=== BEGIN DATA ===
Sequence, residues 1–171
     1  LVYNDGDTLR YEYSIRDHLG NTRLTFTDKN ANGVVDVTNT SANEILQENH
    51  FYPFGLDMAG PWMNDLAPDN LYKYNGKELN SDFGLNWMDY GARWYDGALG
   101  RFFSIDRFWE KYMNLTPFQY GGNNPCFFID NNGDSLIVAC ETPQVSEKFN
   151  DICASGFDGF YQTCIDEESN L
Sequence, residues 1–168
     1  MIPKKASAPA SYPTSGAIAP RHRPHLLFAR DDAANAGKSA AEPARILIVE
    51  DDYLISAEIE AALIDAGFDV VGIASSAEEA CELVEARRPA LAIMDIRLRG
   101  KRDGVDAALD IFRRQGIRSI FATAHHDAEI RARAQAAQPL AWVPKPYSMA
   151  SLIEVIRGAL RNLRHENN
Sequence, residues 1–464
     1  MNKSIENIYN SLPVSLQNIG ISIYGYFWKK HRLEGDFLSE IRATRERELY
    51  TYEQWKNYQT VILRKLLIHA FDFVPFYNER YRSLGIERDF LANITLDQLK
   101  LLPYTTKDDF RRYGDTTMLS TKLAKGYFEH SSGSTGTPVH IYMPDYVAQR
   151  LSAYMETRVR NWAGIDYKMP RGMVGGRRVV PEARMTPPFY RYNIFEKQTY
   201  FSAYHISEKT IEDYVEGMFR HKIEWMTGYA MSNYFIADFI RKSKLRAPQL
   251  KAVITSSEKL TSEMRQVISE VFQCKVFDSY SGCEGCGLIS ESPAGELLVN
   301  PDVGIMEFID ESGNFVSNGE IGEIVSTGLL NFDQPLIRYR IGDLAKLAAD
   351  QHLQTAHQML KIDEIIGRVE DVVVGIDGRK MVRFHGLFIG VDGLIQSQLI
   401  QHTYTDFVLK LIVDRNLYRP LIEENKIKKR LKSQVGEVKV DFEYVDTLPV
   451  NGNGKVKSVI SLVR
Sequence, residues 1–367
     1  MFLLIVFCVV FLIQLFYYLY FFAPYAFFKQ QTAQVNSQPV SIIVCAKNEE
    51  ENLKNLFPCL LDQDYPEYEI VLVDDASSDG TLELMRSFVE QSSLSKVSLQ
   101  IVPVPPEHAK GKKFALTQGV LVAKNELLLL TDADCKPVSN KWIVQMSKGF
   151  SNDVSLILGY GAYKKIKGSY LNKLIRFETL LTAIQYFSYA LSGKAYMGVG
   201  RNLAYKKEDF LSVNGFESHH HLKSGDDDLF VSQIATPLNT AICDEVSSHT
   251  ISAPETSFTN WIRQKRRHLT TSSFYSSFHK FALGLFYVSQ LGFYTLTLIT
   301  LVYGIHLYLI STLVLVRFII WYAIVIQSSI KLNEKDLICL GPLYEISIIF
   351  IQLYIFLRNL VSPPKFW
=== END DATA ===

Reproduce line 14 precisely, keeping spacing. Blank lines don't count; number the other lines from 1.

   101  LLPYTTKDDF RRYGDTTMLS TKLAKGYFEH SSGSTGTPVH IYMPDYVAQR